We have teeth that allow us to grind plants (molars) or tear flesh (incisors).
There are forty teeth, one of the molars of the full mammalian dentition not being represented.
The hind teeth, consisting of premolars and molars, are used for grinding.
In the premolars and third molars the primitive H-pattern did form, as in Dikkomys.
They crush or grind the food, and are hence called “molars.”
The six year molars need special care as they are likely to decay early.
The whole of the molars, however, are never simultaneously employed.
Lastly, we find three molars, whose crowns are ground down so as to expose two polished areas of a four-lobed figure.
Every practitioner, however, has met with instances in which the molars were implicated.
After filling thirty-eight molars in this way I stopped for developments.
"grinding tooth," mid-14c., from Latin molaris dens "grinding tooth," from mola "millstone," from PIE root *mel- "to rub, grind" (see mill (n.1)). As an adjective in this sense from 1620s. In Old English they were cweornteð "quern-teeth."
molar mo·lar1 (mō'lər)
Relating to or being a solution that contains one mole of solute per liter of solution.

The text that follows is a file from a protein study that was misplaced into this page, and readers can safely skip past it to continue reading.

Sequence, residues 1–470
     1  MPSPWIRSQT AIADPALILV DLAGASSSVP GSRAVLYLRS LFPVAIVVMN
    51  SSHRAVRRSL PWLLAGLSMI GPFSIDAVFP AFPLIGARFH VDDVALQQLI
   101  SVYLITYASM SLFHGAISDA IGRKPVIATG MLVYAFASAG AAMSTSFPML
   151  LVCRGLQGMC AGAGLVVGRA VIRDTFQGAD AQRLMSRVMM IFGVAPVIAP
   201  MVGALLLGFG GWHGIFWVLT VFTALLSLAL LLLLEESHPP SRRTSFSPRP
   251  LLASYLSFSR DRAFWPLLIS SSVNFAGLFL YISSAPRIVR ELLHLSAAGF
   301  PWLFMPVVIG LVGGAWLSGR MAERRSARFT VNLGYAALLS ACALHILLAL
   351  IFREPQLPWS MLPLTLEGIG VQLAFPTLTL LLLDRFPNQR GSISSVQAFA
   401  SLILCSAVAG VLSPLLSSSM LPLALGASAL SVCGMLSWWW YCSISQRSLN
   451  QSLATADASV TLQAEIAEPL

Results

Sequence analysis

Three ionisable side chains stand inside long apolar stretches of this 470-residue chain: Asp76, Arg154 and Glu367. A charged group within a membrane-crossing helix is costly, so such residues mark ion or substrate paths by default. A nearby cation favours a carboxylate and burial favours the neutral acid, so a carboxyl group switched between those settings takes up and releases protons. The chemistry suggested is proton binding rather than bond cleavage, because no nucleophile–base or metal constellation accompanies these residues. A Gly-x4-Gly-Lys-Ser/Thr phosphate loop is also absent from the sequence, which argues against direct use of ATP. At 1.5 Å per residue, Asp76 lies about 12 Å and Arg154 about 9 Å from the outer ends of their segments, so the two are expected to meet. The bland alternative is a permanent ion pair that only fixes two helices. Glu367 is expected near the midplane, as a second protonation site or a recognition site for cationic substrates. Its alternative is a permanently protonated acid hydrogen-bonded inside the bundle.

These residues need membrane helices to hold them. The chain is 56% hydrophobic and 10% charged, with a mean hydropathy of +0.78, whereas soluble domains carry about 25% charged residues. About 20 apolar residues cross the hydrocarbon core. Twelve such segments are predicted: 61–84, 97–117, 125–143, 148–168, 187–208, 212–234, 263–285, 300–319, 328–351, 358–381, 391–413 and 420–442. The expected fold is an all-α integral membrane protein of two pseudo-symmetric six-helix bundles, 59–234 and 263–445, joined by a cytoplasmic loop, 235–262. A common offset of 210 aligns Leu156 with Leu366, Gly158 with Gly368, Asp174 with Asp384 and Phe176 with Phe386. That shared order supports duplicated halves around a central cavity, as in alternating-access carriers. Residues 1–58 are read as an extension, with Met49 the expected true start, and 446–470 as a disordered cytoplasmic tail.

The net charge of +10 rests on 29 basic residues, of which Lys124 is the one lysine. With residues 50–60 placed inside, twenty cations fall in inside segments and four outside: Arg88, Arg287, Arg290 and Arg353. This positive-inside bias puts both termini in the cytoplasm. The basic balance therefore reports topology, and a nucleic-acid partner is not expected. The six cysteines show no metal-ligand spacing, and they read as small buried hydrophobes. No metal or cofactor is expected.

Of, relating to, or characterizing the physical properties of a body of matter as a whole, especially the mass of a body, as opposed to the molecular or atomic properties.
Abbr. M Of, relating to, or being a solution whose concentration is expressed as moles of solute per liter of solution.
Containing one mole of a substance.
A tooth having a crown with three, four, or five cusps on the grinding surface, a bifid root in the lower jaw, and three conical roots in the upper jaw. In permanent dentition, there are three on either side behind the premolars; in deciduous dentition, there are two on either side behind the canines. adj.
Of or relating to the molars.
Capable of grinding.